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We use xml serialization / deserialization extensively in our project to pass data between multiple application. We have a common xsd that we generate c# classes from then use XmlSerializer to go from xml to objects and back.

The problem we are having is when one app is updated to add new enum values but the other app is not updated yet. Now the app that is not updated tries to deserialize the xml and fails because it doesn't know about the new enum.

If we have app1 and app2, things are working correctly in the field, then app2 is update with a new enum value in the xsd and updated to the client in the field. Suddenly app1 breaks because it doesn't know about the enum, app1 might not even use that enum field, has not effect on app1, but it still breaks.

Are there any known ways around this. Basically what i want to do is define what do do when an enum is not found, use a default value or if the enum as a nullible type and set it to null.

Both XmlSerializer and DataContractSerializer throw exceptions is this situation.

I've looked at the custom xml serialization project YAXLib (http://www.codeproject.com/KB/XML/yaxlib.aspx) this also throws an exception but there is source code and can be changed. This project use different property attributes and would require quite a bit of change but is probably doable.

Any other suggestions.

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Does it have to be XML serialization? I've had good luck using james.newtonking.com/projects/json-net.aspx. I use it in a desktop app. What's nice about JSON is it doesn't actually carry the type info inside it (nor does xmlserializer). This library has callbacks and has serialized everything I have thrown at it. It appears to have the extensibility that you might need. –  jeff Oct 25 '09 at 16:29

6 Answers 6

Unfortunately there's no way to control how enum values are deserialized... As a workaround, you could serialize the enum values as string :

public MyEnum MyProperty { get; set; }

public string MyPropertyAsString
        return EnumToString(MyProperty);
        MyProperty = StringToEnum<MyEnum>(value);

public T StringToEnum<T>(string stringValue)
    // Manually convert the string to enum, ignoring unknown values

public string EnumToString<T>(T enumValue)
    // Convert the enum to a string
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no! you can tell the (de)serializer to ignore unknown fields –  Letterman Oct 25 '09 at 16:28
@Itay: We're not talking about unknown fields here (you can handle them with XmlAnyElement or XmlAnyAttribute), we're talking about unknown enum values... –  Thomas Levesque Oct 25 '09 at 16:40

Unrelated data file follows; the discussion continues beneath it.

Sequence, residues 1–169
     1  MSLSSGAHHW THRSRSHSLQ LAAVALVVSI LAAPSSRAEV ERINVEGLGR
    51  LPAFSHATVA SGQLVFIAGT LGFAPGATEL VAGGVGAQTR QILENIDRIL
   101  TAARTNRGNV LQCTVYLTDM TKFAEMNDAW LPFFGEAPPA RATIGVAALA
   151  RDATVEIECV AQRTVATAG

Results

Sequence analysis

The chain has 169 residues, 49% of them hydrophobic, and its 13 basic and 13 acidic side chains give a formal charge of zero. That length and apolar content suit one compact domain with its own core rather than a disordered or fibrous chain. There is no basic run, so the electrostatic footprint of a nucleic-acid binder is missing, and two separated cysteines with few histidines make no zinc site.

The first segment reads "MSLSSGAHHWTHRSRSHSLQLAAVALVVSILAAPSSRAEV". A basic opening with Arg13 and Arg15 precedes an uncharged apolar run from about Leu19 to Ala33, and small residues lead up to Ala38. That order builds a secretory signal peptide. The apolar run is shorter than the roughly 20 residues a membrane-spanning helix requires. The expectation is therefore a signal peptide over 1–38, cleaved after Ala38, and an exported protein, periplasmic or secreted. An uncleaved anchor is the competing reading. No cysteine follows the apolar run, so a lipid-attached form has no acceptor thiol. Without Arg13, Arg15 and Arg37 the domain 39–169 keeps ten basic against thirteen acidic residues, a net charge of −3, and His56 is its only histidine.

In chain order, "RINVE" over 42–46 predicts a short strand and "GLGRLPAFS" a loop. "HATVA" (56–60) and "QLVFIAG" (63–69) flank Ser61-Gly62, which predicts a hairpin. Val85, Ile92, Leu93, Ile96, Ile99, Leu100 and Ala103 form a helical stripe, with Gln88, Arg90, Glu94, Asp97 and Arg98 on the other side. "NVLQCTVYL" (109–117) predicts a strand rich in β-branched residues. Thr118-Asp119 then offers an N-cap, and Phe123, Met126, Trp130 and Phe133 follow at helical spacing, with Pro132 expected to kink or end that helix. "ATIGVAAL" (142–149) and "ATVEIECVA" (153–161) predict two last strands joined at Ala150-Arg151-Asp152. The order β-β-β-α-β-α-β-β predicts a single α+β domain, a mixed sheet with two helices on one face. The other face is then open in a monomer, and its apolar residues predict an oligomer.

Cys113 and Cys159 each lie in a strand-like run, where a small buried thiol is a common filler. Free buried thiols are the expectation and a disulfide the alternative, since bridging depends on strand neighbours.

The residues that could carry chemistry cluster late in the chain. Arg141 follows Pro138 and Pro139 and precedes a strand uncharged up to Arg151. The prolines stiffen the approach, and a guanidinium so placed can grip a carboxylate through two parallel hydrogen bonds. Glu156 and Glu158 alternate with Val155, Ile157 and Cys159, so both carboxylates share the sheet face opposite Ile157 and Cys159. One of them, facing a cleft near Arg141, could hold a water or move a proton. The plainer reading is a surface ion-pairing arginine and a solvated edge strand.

You can make the producing application aware of the multiple versions of the consuming applications and have it use different namespaces, both XML and C#, for each of the versions. There needs to be some coordination up front between the applications to agree on which schema they will be following and there isadditional responsibility on the producing application to continue to be backward compatible with all possible active consumer applications.

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I've been wrestling with this issue as well, and I've found a partial solution using XmlAttributeOverrides. Per the MS documentation:

You can override the Name property value of an XmlEnumAttribute by creating an instance of the XmlEnumAttribute class and assigning it to the XmlEnum property of an XmlAttributes object. For details, see the XmlAttributeOverrides class.

So I did this:

    XmlAttributeOverrides attrOverrides =
       new XmlAttributeOverrides();
    XmlAttributes attrs = new XmlAttributes();
    XmlEnumAttribute _enum = new XmlEnumAttribute();
    _enum.Name = "new value";
    attrs.XmlEnum = _enum;
    attrOverrides.Add(typeof(EnumType), "OldValue", attrs);
    XmlSerializer s =
        new XmlSerializer(typeof(MyType), attrOverrides);

    FileStream fs = new FileStream(filename, FileMode.Open);
    MyType newObj = (MyType)s.Deserialize(fs);

The only issue I've found with this approach is I can't specify multiple values for a single enum...

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I've recently ran into this same issue with the DataContractSerializer. Basically, the enum deserialization process is unforgiving in this regard making it nearly impossible to manage backward compatibility.

As a work-around, I decided to use a backing field and handle the enum conversion myself.

private string _addressType { get; set; }

public AddressType AddressType
        AddressType result;
        Enum.TryParse(_addressType, out result);
        return result;

The private field can be deserialized by the DataContractSerializer, but the XmlSerializer would require a public field.

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use c# custom serialization with versioning of the objects; this would allow you to handle the various situations that arise when one app is updated and the other isn't

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Please elaborate on what you mean by "custom serialization". You might also say why it's "C# custom serialization", since the C# programming language does not have serialization in it. –  John Saunders Oct 28 '09 at 1:41

For future reference, the best method I think is to use XmlEnumAttribute which tells the XMLSerializer what name each enum value has for serialization and deserialization.

public enum EmployeeStatus
   [XmlEnum(Name = "Single")]
   [XmlEnum(Name = "Double")]
   [XmlEnum(Name = "Triple")]
share|improve this answer
Missing (new) enums would still throw an exception. –  Chris Gessler Sep 6 '13 at 11:37

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